2. Try to keep the conversation positive.
If you recognize that the conversation is taking a turn for the worse, see if you can turn it back around. Politicians and marketers call this staying on message. Your “message” is positive. The topic doesn’t matter so much as the tone. So anything you can do to keep the conversation positive is staying on message.

3. Think of something positive in your life.
If, in spite of your efforts to stay on message, the conversation becomes negative, see if you can split your attention and allow a part of your mind to focus on something positive. Think of it like the “picture in a picture” feature on your TV. Insert a little positive thought or memory into the big picture.

4. Find something positive about the person to focus on.
Everyone has redeeming qualities. They may be difficult to notice in the heat of the negative moment. But they are there. See if you can find one. Maybe you like her scarf. Maybe he just got a new hair cut that looks good. Maybe she smells good. Maybe he helped you move last weekend. When you notice and focus on something positive it neutralizes the power of the negative energy.

5. Close your eyes.
This obviously may not be possible when you are engaged in a one-on-one conversation. In this case, deliberately slow down the blinking of your eyes. Closed eyes, even if closed for just a second, immediately begin to bring your brainwaves down towards the alpha state. Try it right now. Take a few slow eye-blinks and watch what happens to you physical and mental state. You are much less susceptible to negative energy when you are in that relaxing, contemplative alpha space.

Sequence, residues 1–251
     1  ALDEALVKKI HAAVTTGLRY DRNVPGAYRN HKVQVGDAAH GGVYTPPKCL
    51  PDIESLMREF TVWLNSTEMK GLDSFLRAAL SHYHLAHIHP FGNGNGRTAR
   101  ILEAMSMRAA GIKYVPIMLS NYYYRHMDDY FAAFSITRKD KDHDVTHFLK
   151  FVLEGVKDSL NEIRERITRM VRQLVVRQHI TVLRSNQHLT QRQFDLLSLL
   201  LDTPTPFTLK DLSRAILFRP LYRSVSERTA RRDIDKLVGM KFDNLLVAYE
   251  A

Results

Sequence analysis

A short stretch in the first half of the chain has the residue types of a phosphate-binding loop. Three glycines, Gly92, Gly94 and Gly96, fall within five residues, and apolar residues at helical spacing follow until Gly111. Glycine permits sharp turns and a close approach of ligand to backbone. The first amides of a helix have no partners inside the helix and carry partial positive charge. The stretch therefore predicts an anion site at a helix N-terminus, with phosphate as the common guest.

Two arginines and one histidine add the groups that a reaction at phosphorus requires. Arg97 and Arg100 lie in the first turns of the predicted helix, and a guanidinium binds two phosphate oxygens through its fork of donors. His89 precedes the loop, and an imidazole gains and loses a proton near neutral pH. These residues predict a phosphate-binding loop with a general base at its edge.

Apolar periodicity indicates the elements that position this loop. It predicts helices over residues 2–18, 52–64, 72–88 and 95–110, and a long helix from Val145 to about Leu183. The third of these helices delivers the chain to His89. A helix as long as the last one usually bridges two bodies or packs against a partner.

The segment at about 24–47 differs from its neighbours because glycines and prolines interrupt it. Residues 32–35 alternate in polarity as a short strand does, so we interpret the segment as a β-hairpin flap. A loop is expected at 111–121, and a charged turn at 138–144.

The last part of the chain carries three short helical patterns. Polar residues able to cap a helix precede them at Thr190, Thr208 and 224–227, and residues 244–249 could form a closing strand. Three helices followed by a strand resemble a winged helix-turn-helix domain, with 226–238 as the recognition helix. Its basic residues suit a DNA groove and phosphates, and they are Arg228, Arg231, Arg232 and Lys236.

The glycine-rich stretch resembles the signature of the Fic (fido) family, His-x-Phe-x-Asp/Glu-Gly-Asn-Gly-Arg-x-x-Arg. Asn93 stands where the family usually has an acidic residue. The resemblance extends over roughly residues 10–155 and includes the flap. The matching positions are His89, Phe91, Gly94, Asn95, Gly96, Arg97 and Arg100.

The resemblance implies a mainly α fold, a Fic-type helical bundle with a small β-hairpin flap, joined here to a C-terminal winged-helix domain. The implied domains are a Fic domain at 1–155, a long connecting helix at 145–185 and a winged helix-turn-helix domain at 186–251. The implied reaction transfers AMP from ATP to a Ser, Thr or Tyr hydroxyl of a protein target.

6. Focus on your breath.
Again, see if you can split your attention and focus part of your awareness on your breath. Become aware of the air moving in and out of your body. Feel your chest and belly expanding against your shirt. Notice the rhythm of your breath and see if you can consciously slow your breath down.

7. Unplug your energy from the other person.
Imagine that you are literally pulling your plug out of the other person. These negative people thrive on their ability to bring others down to their vibrational level. Use visualization, feeling, or intention to pull your plug and maintain your own vibrational level.

8. Remember the prayer of St. Francis.
Lord, make me an instrument of your peace. Where there is hatred let me sow love; where there is injury, pardon; where there is doubt, faith; where there is despair, hope; where there is darkness, light; and where there is sadness, joy. Recognize that the person’s negativity is an expression of their inner doubt, despair and sadness. The way that you “sow” love and hope and peace and joy is by remaining positive and allowing yourself to become an instrument of peace in that moment.

9. Stop judging.
If you find yourself being judgmental, stop. We all have moments of negativity. And, in fact, this person’s presence in your life could be a signal that there is some negativity in your space that you are not acknowledging. So stop judging the person and, instead, offer your gratitude for the opportunity to explore your own tendency to drift into low/slow vibrations.

10. Don’t be too hard on yourself if you get pulled down into the low vibrations!
Sometimes, no matter how hard you try, no matter how strong your intention is to stay positive, you will find yourself pulled down into that negative vibration. Be kind on yourself. As with number 9 above, judging yourself will only add to the downward spiral. If you fall off the horse, the best response is to get right back on and try it again!